As we all know, consumer media consumption habits have shifted so rapidly that many of the traditional advertising mediums have either become outdated, or their usage patterns have changed. Whether an advertiser is looking to market their brand in TV, print, radio, or online, they're finding that mobile has disrupted the whole media consumption ecosystem. Some call mobile a "second screen" to TV or a PC, and I would argue that mobile has become the "first screen". There is one advantage, however, that these other forms of advertising still have over mobile: established standards of measurement.
Time spent accessing content on mobile devices is about equal to time spent on PCs (and in some demographics, mobile has already dwarfed PCs) yet media buyers still need proof that mobile actually drives tangible ROI.
TV, radio, print and online all have metrics that have been embraced by the advertising community as "standards" or "benchmarks". When a brand or an ad agency makes a decision to buy advertising via one of these mediums, they will be able to assess how their campaign performed, and they will have hard numbers that they can point back to when making future advertising decisions.
This is not true with mobile today. In fact, measurement on mobile is where online media measurement was five to 10 years ago. Methods to understand the impact of advertising are still relatively rudimentary, and often rely on small sample sizes, and this is a barrier preventing further investment by marketers. However, mobile measurement can take advantage of the infrastructure created for online measurement, but it has to be migrated, and that's no simple task.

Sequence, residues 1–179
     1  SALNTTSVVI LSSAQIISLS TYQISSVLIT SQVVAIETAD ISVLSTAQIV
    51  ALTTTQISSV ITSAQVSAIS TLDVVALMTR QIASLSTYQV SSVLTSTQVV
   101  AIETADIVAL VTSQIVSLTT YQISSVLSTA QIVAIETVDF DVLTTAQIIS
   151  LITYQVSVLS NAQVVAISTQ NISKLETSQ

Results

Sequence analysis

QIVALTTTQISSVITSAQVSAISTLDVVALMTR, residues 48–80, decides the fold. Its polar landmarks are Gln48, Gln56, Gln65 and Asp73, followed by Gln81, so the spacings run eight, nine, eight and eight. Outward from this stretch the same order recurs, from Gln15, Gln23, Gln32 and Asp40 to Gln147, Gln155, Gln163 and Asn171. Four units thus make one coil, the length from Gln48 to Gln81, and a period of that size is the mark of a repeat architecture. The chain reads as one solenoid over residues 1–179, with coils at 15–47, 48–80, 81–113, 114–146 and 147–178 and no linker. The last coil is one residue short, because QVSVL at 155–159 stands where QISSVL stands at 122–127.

When mobile was in the "experimental phase," a lack of metrics (or different standards of what type of metrics were important) wasn't necessarily seen as a deal breaker, but we are no longer in the "experimental phase." Advertisers are ready to make mobile an integral part of their plans for Q413 and beyond, and we are fixated on of solving this problem through our Omni Measurement Solutions, and providing brands the metrics needed for them to feel comfortable doing so.
If measurement is one of the largest problems in mobile advertising today, we also view it as one of the largest opportunities. Mobile is inherently different than all other advertising channels, and this means that there are actually metrics out there that are only available in mobile.
For example, many consumers use their phones when they are away from home and on the move, and the 24/7 nature of mobile presents an interesting opportunity for advertisers. If you are a retail brand, imagine being able to run a campaign and then see metrics on the impact it made on physical foot traffic into your store, or on the total amount spent at a physical cash register.
Another example is with measuring cross screen behavior. As consumers are increasingly using their smartphones and tablets, they are also more frequently switching screens (i.e. going from a smartphone to a tablet, to a computer and then back to the smartphone). For an advertiser, this can cause an attribution problem, because unless they are confident that the same user saw their ad on every device, they can't be sure which ad was the one that eventually moved the needle.
Once again, while some see a problem, I see an opportunity. With the right type of tracking in place, it's possible to show the impact that a mobile advertisement had on a consumer's online behavior, and eventually, we will be able to tie everything together and provide a holistic view on the impact a single mobile ad made on the entire purchasing process.
Mobile campaigns have a wide range of different goals they are trying to achieve, and they are not just focused on direct response and driving commerce on the device. This makes mobile measurement both more challenging and more interesting than measurement in other mediums.
If I could give one piece of advice to someone who was interested in observing the mobile advertising space from afar, it would be this: follow what's happening in measurement. As improvements get made, dollars will follow and the true impact of mobile advertising will be realized and understood.